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Therapeutic Potential

Cannabinoids have demonstrated the potential for a wide spectrum of therapeutic uses. For example, synthetic THC (Marinol) is FDA approved for chemotherapy-induced nausea and vomiting, and appetite and weight loss related to HIV/AIDS.1 A combination of THC and CBD (Sativex) is approved in 30 countries outside of the U.S. for muscle spasticity in Multiple Sclerosis.2 CBD (Epidiolex) is FDA approved to treat certain pediatric seizure disorders, and was recently shown in a phase III clinical trial to reduce seizures in children with epilepsy disorders.3 In addition, early evidence has shown cannabinoids to have a range of effects that may be therapeutically useful, including antioxidant, neuroprotective, anti-inflammatory, anti-pain, anti-tumor, anti-psychotic, anti-anxiety, and sleep modulating effects.4 However, the current evidence is preliminary and often limited to animal studies–it will take rigorous human clinical trials before we can confirm these effects and determine which conditions they could possibly be used for.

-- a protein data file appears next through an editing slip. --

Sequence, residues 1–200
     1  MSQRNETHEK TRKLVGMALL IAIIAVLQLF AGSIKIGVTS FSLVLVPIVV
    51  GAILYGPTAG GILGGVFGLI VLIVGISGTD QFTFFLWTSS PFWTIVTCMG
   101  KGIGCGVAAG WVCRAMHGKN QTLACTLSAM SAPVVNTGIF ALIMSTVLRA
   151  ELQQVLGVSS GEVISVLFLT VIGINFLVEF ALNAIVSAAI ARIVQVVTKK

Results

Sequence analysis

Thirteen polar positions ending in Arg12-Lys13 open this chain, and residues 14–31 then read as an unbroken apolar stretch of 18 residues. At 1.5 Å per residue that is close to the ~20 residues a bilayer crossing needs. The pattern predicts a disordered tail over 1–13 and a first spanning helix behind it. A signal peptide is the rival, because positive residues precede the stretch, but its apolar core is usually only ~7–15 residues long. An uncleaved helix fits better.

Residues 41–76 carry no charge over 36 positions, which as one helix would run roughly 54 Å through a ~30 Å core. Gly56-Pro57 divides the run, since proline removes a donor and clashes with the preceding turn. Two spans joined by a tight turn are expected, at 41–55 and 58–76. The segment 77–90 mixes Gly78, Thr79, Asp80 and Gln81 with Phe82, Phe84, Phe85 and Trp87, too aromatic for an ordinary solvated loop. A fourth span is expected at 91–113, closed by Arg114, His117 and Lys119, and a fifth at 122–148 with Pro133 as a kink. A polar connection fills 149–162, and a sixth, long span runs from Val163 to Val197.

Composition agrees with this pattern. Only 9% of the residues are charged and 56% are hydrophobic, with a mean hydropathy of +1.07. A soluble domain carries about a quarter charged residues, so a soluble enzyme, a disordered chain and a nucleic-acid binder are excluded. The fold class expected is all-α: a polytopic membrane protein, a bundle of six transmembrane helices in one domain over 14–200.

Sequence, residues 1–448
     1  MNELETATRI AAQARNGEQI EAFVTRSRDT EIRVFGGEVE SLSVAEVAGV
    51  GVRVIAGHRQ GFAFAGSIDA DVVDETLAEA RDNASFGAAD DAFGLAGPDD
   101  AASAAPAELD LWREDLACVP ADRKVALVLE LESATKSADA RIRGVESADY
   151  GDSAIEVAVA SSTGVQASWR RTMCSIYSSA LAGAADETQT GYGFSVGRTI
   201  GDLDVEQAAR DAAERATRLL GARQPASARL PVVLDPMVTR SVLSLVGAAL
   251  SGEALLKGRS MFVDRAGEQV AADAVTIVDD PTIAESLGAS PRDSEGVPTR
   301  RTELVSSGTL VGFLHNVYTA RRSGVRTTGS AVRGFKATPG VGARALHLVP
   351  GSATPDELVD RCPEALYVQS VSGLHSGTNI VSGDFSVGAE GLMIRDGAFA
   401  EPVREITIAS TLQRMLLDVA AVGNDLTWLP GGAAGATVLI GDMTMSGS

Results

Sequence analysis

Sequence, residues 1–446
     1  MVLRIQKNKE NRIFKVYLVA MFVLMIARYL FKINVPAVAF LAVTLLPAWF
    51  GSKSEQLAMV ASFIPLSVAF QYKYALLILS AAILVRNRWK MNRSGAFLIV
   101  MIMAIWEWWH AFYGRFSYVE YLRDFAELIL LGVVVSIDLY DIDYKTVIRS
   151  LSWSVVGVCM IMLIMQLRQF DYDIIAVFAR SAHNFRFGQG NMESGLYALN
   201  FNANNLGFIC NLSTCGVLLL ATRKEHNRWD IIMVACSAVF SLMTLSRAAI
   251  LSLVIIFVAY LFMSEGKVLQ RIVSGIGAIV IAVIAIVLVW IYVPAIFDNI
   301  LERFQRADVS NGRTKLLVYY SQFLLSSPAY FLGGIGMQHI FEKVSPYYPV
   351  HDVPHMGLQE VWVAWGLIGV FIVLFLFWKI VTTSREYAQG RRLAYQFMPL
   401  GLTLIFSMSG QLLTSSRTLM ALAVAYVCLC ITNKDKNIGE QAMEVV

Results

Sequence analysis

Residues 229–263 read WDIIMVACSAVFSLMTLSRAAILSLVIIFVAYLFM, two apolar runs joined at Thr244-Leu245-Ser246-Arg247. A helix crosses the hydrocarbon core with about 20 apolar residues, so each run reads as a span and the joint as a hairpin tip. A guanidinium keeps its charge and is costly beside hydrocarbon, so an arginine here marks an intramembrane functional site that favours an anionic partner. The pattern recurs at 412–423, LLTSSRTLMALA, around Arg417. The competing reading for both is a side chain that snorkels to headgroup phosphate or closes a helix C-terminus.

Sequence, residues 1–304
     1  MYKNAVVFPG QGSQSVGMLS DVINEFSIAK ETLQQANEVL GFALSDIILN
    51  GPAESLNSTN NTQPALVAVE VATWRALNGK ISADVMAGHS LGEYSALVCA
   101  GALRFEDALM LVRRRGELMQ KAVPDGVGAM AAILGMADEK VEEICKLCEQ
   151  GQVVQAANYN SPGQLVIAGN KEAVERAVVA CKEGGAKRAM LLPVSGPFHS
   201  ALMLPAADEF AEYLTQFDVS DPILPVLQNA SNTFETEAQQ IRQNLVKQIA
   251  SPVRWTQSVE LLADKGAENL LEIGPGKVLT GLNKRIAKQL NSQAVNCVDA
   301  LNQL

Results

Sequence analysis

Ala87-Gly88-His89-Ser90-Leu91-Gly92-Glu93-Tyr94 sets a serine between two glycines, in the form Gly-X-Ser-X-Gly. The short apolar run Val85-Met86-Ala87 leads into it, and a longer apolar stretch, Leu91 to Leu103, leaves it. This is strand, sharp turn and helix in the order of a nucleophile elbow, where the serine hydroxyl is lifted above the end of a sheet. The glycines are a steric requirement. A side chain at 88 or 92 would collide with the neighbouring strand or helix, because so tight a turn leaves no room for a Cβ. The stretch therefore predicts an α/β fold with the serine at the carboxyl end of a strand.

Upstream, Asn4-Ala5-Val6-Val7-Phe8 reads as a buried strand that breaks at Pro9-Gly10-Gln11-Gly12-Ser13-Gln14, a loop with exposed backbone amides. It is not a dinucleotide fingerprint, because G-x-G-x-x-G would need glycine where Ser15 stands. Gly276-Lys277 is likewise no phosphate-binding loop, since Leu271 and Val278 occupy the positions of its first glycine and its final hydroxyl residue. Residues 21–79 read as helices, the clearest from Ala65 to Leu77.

A landmark review4 published in 2017 by the U.S. National Academy of Sciences, Engineering and Medicine concluded there was “substantial evidence” cannabinoids were effective for:

  • Chronic Pain
  • Nausea and Vomiting during Chemotherapy
  • Spasticity in Multiple Sclerosis.

They also concluded there was “moderate evidence” cannabinoids were effective for:

  • Improving sleep in people suffering from certain conditions, including chronic pain, obstructive sleep apnea, and fibromyalgia

Other areas demonstrating promise but where current evidence is more” limited” include:

  • Post Traumatic Stress Disorder
  • Tourette’s Syndrome
  • Social Anxiety
  • Traumatic brain injury


1. NIH Drug Database: Dronabinol (Marinol, Synthetic THC). 3.

2. Pharmaceuticlas G. Sativex (delta-9- tetrahydrocannabinol and cannabidiol). delta-9-tetrahydrocannabinol-and- cannabidiol.

3. Devinsky O, Cross JH, Laux L, et al. Trial of Cannabidiol for Drug-Resistant Seizures in the Dravet Syndrome. N Engl J Med. 2017;376(21):2011-2020.doi:10.1056/NEJMoa1611618.

4. National Academies of Sciences, Engineering and M. The Health Effects of Cannabis and Cannabinoids: The Current State of Evidence and Recommendations for Research. Natl Acad Press. 2017. doi:10.17226/24625.